As advocates of bicycling, let us bear in mind that Sweden, though a safe place to use the street, is not therefore a priori a bicycling Nirvana. Nobody describes Stockholm as a city whose lifeblood flows on two wheels. The Swedish culture that Belin describes is one where people mix on the street with cars that are traveling slow enough not to kill or maim. This is different from how blogger David Hembrow describes Holland, as a place where cities are designed to keep automobiles away from people on foot and bike.

A look at the descriptively named Vision Zero View website, you will see that New York’s idea of Vision Zero matches up pretty well with the Swedish emphasis on infrastructure design as the key to allowing humans and motor vehicles to coexist. I can envision a New York that does get the speed limit down to 15 mph in residential areas, but that still allows cars to drive through and to park freely on the street.

Bicycle advocates naturally advocate for safer streets. People on bicycles are extremely vulnerable to motor vehicle violence. So we advocates are inclined toward supporting any kind of safety initiative, in the hope that it will result in fewer bicyclists being killed and maimed. Certainly, a Vision Zero New York would have that effect.

I doubt, however, whether it would drive up the rate of people bicycling.

Assume there is a “safety deficit,” that people feel that bicycling is not safe enough for them to take part. Then, assume that vigorous attention has remedied this safety deficit and it’s not there any more. Bicycling is just as safe as people want it to be. Now, let’s ride! In order to encourage our fellow citizens to mount their bicycles, we need a marketing campaign that touts the safety of bicycling as well as its other benefits.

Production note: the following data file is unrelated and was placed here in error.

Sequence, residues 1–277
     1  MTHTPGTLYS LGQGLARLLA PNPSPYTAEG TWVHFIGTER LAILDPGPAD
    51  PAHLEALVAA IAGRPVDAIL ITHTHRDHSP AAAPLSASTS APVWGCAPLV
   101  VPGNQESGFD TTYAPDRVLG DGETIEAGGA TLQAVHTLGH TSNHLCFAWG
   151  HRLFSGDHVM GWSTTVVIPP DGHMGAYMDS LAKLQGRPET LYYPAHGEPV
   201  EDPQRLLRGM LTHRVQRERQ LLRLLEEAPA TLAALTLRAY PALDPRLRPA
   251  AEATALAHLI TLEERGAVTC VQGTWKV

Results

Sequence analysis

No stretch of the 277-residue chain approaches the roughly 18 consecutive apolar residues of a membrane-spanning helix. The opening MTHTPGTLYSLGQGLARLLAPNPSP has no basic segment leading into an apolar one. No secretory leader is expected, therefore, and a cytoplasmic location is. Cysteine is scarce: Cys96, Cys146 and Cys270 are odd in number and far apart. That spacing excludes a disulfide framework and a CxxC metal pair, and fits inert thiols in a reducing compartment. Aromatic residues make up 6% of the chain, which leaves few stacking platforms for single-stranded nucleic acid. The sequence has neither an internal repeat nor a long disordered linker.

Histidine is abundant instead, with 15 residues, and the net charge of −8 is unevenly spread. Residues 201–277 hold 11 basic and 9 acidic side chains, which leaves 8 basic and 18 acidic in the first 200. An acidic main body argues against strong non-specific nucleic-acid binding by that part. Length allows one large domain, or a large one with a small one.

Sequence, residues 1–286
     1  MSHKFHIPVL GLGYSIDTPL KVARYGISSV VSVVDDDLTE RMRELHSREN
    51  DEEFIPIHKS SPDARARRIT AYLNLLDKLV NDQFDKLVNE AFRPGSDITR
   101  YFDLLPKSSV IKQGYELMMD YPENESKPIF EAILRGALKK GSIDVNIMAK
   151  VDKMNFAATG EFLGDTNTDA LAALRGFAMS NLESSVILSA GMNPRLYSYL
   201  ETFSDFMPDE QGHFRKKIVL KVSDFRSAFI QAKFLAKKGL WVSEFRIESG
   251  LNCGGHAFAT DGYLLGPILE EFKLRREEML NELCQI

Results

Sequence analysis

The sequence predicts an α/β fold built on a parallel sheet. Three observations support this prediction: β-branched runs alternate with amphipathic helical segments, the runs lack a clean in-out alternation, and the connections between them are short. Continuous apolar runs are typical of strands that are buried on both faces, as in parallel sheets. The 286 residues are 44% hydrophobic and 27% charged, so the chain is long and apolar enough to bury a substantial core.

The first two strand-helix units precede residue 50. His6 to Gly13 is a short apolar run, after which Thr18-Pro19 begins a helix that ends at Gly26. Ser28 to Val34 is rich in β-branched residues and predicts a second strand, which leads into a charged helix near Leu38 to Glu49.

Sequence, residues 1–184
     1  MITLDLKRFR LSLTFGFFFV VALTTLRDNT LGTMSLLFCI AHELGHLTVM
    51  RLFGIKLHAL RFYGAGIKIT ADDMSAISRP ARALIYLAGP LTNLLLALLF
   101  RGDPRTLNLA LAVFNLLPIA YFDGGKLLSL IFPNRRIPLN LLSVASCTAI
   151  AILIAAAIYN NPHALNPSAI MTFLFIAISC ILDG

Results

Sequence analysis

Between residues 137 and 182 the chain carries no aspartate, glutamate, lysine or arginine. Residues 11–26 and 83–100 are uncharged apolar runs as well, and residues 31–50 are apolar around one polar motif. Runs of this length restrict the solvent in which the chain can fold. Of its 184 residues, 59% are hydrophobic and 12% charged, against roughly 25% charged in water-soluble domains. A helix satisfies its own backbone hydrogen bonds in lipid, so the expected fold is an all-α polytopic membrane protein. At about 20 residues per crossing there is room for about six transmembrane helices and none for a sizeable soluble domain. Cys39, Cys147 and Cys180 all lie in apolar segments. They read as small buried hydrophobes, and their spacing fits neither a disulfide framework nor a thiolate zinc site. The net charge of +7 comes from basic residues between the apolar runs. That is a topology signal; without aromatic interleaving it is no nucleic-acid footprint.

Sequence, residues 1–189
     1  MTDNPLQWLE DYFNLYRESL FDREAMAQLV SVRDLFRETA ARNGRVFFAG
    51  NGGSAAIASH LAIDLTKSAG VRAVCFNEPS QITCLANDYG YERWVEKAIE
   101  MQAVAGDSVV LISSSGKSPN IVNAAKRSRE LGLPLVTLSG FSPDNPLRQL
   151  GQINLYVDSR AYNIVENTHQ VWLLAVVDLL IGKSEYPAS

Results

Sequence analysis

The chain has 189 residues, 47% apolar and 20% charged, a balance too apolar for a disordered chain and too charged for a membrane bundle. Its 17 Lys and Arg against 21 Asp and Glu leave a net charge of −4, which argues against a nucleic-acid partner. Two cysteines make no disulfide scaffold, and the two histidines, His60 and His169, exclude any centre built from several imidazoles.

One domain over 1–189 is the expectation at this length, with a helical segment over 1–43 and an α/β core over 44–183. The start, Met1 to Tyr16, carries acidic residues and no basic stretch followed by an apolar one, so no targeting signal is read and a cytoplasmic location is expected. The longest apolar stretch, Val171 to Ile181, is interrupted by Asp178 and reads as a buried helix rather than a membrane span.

The same marketing campaign to get people into the saddle post-remedy could however also be used pre-remedy. How are we in the future going to communicate the safety of bicycling in a way that is not true today?

People will get in the bicycle saddle when it makes sense for them to get in the bicycle saddle. Spending time trying to make bicycling safer is a worthwhile way to spend time, but I don’t see how it gets more people into the saddle.

I agree with Hembrow. I believe that sharing the streets with motor vehicles, even slow-moving Volvos, diminishes the enjoyment of bicycling significantly. The goal of Vision Zero is not to remove motor vehicles from the streets, but to create an environment where motor vehicles can interact safely with people on foot or bike. This kind of environment is always going to be more favorable to motor vehicles because their spatial requirements are so much greater; cars are much larger and take up much more street area than bicycles or people on foot. Committing to Vision Zero goals means accepting an environment that is not particularly favorable to people on bicycles, an environment that does not necessarily devote more space to bicycles, but asks people on bicycles to share the space they need with newly tamed motor vehicles.